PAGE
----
person to harm someone? I'm interested in a more general question:
what is it for an event or state of affairs to harm someone? Here's
the view I like best:
(H) X harms S iff X makes S worse off than S would have been had X not occurred or obtained.
Below the fold I defend the following disjunction: either (H) is the
correct account of harm, or harm is irrelevant (or maybe both).
his seminal paper, “Death”, Nagel writes the following:
Someone who holds that all goods and
evils must be temporally assignable states of the person may of course try to
bring more complicated cases into line by pointing to the pleasure or pain that
the more complicated goods and evils cause. Loss, betrayal, and deception, and ridicule are on this view bad because
people suffer when they learn of them. But it should be asked how our ideas of human value would have to be
constituted to accommodate these cases directly instead. One advantage of such an account might be
that it would enable us to explain why the discovery of these
misfortunes causes suffering—in a way that makes it reasonable. For the natural view is that the discovery of
betrayal makes us unhappy because it is bad to be betrayed—not that betrayal is
bad because its discovery makes us unhappy.
been thinking that there may be a good argument against hedonism to be found in
this quotation, one which I will elaborate below the fold.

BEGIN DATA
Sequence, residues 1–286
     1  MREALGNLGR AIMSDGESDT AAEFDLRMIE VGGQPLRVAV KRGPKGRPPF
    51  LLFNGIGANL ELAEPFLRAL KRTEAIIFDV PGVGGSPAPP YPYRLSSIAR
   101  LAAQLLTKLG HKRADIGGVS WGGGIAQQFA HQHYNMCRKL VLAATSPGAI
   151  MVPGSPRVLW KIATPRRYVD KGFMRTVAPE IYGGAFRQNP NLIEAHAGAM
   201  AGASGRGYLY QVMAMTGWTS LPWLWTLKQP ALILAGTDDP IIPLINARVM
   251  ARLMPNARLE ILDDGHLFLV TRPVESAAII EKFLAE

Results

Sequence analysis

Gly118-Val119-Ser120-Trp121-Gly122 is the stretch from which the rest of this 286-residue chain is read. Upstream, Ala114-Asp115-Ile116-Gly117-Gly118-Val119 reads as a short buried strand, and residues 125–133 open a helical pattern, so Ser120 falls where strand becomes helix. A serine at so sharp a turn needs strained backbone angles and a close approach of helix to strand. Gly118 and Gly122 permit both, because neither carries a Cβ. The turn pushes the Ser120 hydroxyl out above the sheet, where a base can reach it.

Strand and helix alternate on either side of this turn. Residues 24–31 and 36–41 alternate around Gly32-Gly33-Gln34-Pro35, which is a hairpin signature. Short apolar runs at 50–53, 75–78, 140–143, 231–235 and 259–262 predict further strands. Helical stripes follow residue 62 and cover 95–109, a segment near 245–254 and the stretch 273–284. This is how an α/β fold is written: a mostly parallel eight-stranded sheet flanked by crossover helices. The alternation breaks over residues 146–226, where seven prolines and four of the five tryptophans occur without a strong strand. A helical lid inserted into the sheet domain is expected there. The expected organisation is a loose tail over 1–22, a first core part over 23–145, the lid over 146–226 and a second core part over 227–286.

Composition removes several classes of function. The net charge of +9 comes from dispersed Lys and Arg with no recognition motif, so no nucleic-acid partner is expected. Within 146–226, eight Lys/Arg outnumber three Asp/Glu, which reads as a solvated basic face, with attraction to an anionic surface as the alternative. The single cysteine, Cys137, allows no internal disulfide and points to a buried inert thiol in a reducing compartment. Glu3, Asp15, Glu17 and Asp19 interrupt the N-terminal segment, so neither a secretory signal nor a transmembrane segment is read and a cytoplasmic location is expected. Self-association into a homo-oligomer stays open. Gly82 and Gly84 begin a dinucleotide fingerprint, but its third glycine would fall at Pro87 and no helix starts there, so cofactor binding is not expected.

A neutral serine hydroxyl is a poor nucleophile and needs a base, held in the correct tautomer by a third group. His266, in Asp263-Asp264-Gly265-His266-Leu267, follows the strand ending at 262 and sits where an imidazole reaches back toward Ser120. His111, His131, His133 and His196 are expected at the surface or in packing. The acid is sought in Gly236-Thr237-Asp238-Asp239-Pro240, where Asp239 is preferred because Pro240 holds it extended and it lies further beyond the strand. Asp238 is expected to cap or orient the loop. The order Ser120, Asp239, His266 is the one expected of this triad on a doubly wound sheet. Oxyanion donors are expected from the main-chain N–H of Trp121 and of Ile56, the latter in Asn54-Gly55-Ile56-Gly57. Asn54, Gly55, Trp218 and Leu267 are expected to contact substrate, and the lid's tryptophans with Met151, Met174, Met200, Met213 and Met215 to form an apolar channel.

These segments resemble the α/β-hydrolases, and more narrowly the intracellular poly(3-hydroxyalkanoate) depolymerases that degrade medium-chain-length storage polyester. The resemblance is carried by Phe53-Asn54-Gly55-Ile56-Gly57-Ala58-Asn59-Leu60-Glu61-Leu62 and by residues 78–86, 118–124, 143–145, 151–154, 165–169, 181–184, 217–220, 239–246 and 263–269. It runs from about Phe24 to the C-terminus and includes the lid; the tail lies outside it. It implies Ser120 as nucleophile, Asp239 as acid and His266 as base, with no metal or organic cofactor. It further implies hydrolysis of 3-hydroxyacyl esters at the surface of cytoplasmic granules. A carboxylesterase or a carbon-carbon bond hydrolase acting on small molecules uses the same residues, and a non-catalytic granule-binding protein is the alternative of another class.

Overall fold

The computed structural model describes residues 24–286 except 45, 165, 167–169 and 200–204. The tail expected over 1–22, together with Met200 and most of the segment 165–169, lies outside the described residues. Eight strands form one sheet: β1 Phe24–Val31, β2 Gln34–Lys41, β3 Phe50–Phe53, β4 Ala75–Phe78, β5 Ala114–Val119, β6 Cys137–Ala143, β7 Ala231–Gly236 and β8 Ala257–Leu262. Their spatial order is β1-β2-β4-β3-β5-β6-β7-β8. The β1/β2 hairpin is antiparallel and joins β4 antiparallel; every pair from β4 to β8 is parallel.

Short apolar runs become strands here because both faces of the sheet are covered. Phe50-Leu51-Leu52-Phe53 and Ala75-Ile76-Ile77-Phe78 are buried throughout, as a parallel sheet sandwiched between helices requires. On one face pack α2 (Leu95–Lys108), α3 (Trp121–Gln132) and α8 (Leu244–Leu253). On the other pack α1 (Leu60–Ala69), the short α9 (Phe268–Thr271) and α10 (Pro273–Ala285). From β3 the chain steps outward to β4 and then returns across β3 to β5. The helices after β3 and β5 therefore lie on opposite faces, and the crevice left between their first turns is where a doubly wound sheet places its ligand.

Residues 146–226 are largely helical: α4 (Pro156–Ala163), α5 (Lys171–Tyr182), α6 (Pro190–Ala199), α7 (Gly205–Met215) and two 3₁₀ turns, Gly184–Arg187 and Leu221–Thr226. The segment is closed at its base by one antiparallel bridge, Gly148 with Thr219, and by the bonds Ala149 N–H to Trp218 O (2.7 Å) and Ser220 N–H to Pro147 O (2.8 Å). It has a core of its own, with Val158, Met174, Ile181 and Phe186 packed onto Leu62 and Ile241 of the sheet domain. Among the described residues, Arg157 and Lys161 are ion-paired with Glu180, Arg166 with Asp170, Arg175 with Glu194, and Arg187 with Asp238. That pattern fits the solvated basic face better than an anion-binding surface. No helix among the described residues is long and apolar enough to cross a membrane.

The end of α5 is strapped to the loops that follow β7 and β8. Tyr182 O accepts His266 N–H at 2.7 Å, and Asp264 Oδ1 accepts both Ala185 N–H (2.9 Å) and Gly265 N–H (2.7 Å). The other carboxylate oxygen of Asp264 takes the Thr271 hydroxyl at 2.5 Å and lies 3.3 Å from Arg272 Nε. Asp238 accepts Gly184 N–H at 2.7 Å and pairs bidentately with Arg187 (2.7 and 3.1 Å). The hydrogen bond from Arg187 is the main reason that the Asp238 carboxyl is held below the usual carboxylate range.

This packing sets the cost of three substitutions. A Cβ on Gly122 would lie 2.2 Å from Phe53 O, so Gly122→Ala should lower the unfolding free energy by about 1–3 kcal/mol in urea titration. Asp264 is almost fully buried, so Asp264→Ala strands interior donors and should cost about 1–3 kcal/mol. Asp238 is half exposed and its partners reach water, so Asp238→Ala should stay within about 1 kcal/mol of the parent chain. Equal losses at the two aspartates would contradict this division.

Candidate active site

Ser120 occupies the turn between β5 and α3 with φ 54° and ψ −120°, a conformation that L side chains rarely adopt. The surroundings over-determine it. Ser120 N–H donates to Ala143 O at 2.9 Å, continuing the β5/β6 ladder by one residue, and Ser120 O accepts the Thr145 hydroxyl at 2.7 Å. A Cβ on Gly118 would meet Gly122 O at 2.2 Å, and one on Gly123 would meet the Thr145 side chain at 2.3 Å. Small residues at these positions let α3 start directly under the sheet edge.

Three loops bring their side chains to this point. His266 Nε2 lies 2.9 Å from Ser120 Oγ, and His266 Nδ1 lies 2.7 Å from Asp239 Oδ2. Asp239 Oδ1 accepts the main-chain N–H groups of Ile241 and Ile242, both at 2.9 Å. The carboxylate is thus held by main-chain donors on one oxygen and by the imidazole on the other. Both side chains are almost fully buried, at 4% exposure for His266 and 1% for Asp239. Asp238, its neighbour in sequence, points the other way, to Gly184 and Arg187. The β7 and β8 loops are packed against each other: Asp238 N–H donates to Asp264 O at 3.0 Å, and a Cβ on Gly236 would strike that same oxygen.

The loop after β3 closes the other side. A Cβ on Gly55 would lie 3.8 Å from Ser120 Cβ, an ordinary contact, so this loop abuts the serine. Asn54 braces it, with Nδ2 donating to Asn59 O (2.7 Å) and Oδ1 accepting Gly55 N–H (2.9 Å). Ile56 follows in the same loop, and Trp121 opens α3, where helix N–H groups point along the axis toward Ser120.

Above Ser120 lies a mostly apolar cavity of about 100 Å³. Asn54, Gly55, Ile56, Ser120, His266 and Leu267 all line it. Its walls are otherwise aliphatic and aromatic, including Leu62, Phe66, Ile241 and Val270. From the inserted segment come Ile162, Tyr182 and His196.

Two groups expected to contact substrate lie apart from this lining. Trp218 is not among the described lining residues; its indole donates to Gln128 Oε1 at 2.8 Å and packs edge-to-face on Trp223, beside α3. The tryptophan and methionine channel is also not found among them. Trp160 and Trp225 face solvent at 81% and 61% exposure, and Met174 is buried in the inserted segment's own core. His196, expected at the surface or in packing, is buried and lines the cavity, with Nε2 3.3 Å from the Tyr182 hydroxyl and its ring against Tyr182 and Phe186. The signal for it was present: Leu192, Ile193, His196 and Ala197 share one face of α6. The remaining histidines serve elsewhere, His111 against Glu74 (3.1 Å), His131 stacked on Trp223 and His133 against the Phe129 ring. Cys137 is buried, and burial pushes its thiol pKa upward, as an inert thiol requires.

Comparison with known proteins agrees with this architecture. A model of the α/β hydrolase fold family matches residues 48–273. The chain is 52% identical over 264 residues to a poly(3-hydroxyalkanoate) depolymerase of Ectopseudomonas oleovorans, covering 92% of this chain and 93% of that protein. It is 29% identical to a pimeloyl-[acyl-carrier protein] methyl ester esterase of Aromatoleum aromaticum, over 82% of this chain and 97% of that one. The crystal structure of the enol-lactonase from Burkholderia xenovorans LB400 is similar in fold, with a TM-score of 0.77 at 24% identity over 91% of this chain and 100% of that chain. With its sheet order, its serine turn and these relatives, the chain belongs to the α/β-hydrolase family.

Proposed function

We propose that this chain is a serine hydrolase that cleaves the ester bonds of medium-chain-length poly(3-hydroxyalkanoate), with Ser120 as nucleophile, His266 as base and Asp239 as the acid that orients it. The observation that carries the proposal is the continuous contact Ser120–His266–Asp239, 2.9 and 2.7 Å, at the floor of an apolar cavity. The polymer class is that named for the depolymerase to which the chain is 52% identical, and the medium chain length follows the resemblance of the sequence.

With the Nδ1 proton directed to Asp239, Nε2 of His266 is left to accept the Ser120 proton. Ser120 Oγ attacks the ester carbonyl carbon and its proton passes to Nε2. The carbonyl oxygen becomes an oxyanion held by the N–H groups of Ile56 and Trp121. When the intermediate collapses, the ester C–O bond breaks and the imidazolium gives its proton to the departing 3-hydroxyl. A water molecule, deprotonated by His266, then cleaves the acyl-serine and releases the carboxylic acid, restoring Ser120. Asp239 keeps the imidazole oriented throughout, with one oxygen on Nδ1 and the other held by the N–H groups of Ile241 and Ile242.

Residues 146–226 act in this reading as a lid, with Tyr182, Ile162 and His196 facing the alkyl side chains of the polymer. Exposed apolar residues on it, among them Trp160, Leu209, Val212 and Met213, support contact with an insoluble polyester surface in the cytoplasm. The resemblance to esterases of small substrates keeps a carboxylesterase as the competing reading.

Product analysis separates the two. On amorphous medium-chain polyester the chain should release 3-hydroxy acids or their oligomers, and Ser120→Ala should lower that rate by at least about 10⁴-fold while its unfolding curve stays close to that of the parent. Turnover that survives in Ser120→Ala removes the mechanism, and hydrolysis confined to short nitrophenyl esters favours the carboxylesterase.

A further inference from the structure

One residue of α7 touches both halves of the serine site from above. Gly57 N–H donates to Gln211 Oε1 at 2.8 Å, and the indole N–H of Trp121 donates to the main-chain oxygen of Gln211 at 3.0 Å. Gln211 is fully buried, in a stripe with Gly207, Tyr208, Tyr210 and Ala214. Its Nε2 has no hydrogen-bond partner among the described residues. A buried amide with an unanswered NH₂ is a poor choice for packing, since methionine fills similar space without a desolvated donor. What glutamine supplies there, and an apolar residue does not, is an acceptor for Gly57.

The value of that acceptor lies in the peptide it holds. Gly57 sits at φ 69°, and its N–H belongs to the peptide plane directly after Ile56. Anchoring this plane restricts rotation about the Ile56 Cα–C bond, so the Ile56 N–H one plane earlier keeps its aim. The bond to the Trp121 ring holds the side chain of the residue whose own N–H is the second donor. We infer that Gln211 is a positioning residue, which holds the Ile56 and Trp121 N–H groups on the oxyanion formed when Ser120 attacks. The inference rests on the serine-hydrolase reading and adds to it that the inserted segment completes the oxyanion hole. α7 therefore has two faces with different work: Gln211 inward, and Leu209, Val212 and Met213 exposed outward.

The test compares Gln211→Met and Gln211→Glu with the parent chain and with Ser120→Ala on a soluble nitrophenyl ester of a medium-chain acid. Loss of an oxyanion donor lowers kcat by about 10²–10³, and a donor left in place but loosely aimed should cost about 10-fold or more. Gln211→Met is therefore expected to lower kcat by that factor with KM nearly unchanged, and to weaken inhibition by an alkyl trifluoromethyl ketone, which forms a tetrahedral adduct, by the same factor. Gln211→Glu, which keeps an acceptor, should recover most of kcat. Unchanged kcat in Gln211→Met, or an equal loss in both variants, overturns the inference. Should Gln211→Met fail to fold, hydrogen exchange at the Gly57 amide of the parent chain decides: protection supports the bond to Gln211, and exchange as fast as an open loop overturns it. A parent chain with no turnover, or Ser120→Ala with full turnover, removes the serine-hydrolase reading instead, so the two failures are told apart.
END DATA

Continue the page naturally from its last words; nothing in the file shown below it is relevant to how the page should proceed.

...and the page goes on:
Laurie Shrage has kindly accepted our invitation to become a contributor to PEA Soup. Laurie is a Professor at California State Polytechnic University. As noted previously on this site, she has also started up the APA Governance blog, and we look forward to her contributions here, as well.
First, a sort of apology: this post is a bit lengthy, and it may be a bit more “metaphysicsy” than the usual on PEA Soup, but it’s on a topic that has an important bearing on the ongoing debates over the role metaphysics, and in particular personal identity theory, has on our practical concerns, in particular our future-directed self-concern.It has to do with an exchange between Derek Parfit and Mark Johnston, stemming from Johnston’s argument (in, among other places, “Human Concerns Without Superlative Selves,” from the Dancy collection Reading Parfit) that personal identity can still have non-derivative importance, even on Parfit’s reductionist view, according to which the facts about personal identity just consist in more particular facts about brains, bodies, and mental/physical continuity, and even where those more particular facts themselves don’t have non-derivative importance.In “The Unimportance of Personal Identity,” Parfit replies to Johnston’s objection.Here I simply want to try and track the dialectic between Johnston and Parfit, and I’ll explain why I think that Parfit’s response doesn’t adequately meet Johnston’s concern.(Because I want to keep the post as short as possible, though, what I say here will be quite compressed and will assume knowledge of Parfitian reductionism, so readers not familiar with the basics of the debate may not want to read any further.)